Welcome to the Day 3 of the five-day podcast series Jay Rosen and I are producing in honor of the latest Star Wars movie The Rise of Skywalker Each day over this week, Jay and I will review a Star Wars movie and discuss it from the compliance perspective. Today, we consider Episode VI, Return of the Jedi and effective training.

In this final movie from the original three, the good guys win in the end after overcoming incredible odds. Many fans and critics panned it for including the incredibly cute and furry Ewoks on the moon named Endor as a part of the storyline. Many thought one very tall Wookie was enough cuteness for the series. This movie’s big reveal was that Luke and Princess Leia were twins and that she was now free to unabashedly pursue bad boy Han Solo. While Episode VI was the lowest grossing film of the original three, coming in at only $572MM worldwide, it was still a great ride and visually stunning. George Lucas’ in-house organ, Industrial Light & Magic (ILM), certainly earned their title for their special effects in the movie. The Sarlacc battle sequence was great, the speeder bike chase on the Endor moon was way cool and the space battle between Rebel and Imperial pilots was a great ride.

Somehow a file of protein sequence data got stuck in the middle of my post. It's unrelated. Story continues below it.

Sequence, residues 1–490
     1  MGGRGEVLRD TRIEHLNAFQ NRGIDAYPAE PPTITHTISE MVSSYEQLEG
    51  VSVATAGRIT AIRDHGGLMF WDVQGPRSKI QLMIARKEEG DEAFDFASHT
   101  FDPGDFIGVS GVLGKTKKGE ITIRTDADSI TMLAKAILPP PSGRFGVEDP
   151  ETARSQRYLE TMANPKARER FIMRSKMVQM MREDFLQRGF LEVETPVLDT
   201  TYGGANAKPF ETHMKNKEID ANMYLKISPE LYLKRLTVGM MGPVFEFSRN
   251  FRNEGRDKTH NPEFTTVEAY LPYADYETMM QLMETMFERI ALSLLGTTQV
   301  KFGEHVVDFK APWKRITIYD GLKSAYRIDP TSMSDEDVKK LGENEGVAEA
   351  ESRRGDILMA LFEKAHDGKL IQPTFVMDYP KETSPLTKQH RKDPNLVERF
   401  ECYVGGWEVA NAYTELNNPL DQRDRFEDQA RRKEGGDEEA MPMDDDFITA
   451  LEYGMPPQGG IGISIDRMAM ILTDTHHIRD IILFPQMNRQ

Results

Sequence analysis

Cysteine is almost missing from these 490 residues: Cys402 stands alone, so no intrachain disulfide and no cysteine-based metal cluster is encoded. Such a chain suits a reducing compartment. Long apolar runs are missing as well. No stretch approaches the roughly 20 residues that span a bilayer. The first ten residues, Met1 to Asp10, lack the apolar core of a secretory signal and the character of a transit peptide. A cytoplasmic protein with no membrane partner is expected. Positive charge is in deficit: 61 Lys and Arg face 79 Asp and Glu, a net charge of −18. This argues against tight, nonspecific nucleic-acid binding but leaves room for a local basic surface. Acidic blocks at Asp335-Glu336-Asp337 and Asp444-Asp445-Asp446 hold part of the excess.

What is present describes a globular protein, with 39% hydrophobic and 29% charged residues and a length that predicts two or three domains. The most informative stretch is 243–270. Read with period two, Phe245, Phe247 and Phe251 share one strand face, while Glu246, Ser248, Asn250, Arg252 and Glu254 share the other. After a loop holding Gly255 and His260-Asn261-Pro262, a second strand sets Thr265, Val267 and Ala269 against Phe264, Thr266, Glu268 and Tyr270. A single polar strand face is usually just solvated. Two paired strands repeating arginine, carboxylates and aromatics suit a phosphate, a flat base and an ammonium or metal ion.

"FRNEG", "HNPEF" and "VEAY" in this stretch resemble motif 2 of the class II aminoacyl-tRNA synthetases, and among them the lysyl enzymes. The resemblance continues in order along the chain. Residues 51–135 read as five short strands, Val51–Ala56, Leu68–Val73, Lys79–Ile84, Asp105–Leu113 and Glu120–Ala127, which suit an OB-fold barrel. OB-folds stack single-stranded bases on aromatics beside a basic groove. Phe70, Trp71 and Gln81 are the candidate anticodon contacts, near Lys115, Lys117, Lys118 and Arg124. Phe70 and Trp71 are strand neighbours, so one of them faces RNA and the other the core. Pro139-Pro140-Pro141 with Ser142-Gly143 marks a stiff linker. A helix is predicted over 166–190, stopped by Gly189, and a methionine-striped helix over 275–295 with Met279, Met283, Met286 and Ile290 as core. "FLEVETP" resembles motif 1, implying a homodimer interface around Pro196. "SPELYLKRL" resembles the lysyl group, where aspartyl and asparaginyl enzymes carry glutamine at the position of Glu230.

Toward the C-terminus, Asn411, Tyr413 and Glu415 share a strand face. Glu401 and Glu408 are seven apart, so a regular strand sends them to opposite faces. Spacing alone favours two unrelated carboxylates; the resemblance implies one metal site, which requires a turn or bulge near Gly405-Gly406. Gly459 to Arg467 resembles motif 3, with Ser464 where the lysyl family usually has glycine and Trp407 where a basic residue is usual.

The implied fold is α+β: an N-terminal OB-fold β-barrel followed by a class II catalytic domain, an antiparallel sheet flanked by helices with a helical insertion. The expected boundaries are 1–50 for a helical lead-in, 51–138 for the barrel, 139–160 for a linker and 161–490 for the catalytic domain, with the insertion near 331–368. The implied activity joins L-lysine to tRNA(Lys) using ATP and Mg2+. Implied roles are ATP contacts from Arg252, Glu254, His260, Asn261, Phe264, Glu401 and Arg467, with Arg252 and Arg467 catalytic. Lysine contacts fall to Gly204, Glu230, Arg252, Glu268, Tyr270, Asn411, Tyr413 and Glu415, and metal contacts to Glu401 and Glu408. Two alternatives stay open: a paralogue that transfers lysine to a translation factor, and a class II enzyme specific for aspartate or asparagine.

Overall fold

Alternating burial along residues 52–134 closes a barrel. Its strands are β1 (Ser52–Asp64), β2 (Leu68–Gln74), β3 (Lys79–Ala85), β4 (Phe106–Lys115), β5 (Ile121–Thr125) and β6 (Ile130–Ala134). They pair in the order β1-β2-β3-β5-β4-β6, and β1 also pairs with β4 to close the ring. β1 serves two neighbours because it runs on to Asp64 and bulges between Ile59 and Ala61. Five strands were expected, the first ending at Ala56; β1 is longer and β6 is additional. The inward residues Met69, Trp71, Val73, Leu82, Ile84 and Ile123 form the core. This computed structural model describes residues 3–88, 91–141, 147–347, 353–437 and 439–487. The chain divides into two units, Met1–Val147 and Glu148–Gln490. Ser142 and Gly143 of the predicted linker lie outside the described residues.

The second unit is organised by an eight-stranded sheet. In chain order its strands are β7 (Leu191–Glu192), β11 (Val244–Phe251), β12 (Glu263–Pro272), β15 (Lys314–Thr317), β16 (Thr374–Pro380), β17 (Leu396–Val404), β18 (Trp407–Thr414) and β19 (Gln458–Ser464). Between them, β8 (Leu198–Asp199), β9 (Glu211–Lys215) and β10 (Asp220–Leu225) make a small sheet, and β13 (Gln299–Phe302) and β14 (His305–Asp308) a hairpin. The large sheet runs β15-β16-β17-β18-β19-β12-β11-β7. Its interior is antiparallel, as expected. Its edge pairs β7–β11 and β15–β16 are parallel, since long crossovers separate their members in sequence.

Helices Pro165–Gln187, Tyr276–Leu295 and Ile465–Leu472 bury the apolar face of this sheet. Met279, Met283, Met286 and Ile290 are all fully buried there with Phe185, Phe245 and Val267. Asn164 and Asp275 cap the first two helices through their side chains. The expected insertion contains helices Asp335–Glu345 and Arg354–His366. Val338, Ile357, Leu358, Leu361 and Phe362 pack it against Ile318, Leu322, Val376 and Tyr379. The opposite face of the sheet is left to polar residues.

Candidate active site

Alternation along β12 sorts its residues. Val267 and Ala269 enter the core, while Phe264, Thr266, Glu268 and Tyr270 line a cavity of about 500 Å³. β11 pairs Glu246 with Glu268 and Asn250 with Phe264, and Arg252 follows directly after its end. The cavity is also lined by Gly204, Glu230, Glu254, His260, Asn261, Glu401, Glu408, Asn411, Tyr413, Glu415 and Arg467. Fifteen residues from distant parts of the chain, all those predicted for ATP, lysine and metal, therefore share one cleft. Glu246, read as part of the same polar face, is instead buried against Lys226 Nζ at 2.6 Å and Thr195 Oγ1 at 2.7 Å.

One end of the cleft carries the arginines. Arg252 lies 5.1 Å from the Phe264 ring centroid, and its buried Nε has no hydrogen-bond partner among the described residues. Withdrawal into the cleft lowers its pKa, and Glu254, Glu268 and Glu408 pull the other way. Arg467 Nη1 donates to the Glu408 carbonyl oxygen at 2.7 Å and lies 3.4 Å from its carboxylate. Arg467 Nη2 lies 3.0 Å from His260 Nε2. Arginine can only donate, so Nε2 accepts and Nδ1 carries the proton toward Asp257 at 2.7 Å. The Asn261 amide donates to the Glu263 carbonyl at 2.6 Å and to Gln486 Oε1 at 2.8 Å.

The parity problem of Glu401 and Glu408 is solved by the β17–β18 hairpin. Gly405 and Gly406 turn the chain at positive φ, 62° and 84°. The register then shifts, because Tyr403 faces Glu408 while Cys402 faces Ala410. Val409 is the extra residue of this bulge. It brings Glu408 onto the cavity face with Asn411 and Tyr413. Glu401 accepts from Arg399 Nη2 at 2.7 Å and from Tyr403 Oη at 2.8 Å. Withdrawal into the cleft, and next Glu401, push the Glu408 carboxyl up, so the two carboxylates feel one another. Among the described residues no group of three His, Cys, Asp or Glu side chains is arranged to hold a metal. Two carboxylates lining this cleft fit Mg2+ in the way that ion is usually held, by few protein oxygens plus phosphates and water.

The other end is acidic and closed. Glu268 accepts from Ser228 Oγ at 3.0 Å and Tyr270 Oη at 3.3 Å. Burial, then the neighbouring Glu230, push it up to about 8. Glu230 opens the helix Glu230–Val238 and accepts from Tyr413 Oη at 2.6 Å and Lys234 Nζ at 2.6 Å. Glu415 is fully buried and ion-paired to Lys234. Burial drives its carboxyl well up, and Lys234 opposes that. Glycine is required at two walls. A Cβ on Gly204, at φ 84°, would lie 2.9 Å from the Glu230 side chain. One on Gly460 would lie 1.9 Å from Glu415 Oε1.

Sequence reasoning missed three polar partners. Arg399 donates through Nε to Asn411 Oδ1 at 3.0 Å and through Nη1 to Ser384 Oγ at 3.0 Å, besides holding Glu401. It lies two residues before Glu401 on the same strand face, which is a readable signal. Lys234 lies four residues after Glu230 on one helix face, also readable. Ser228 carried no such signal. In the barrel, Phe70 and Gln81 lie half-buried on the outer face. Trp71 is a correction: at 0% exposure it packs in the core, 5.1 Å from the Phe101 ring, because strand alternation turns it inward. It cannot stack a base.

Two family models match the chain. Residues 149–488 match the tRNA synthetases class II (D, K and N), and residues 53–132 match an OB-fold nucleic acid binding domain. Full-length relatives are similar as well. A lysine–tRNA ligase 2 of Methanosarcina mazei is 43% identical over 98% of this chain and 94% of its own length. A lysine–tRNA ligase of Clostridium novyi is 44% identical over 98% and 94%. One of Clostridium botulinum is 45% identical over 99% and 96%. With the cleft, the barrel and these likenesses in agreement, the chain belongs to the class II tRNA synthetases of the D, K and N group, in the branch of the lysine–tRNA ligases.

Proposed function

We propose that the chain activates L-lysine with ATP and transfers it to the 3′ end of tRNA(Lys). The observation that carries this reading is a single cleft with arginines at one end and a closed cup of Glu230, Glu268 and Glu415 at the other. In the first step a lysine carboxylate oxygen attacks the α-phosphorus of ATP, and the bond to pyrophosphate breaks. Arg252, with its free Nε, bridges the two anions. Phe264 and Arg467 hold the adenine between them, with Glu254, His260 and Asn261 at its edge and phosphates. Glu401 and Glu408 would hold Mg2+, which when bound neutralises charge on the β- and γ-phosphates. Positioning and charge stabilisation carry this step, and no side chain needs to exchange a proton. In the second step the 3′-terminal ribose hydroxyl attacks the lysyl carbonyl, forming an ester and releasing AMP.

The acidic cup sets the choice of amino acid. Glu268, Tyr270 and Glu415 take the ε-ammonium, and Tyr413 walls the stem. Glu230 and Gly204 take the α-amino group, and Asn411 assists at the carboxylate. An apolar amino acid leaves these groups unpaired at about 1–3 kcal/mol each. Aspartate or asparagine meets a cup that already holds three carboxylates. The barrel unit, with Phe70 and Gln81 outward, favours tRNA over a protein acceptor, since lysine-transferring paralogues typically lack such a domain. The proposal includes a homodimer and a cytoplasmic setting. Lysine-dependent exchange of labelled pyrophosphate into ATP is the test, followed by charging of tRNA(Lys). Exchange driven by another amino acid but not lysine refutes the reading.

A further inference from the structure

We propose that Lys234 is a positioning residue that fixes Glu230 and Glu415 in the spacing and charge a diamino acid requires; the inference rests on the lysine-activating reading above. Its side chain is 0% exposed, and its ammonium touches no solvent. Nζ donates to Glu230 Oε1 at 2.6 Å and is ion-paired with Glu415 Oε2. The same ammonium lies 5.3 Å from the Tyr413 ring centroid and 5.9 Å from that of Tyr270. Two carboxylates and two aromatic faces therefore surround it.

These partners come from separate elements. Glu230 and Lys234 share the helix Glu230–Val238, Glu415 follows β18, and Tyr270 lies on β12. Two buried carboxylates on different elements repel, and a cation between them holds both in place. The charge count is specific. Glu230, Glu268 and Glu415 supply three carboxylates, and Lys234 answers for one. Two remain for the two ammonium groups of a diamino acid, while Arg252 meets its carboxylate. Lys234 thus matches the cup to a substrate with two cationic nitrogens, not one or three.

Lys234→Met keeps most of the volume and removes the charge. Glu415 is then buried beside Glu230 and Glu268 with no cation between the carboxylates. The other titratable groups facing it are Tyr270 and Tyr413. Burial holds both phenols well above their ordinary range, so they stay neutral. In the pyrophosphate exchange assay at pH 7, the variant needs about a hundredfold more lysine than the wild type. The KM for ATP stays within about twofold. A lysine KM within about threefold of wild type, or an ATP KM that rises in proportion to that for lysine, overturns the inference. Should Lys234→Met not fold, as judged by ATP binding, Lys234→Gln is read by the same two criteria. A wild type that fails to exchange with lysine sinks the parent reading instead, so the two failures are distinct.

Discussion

I have adapted an approach from Joel Smith on his Inhouse Owl website to help determine compliance training effectiveness.

1.What you want to measure. Before you ever train an employee, you should have a goal in mind. What actions do you want employees to take? What risks do you want them to avoid? In compliance, you want them to avoid non-ethical and non-compliant actions that would lead to compliance violations. The goal is to train employees to follow your Code of Conduct and your compliance program policies and procedures so you avoid liability related to actions.

2. What is employee engagement? The next step is to get a sense of whether employees feel that the training you provided is relevant and targeted to their job. If it’s not targeted, employees will likely not be committed to changing risky behavior. You can get data on employee engagement through a quick post-training survey, which will help you isolate and qualify the training benefit.

3. Did employees actually learn anything? A critical part of any employee training is the assessment. If you want to understand the “benefit” of training employees, you must know whether they actually learned anything during training. You can collect this data in a number of ways, but for compliance training, the best way is to measure pre-and post-training understanding over time. Basically, each time you train an employee, measure comprehension both before and after training.

4. Are employees applying your training? You need to conduct a survey to determine employee application and their implementation of the training topics. To do so, you must conduct employee surveys to understand whether they ceased engaging in certain risky behaviors or better yet understand how to conduct themselves in certain risky situations. These surveys can provide a good sense of whether the training has been effective. 

Join us tomorrow where we consider The Force Awakens and disruptive innovation in compliance.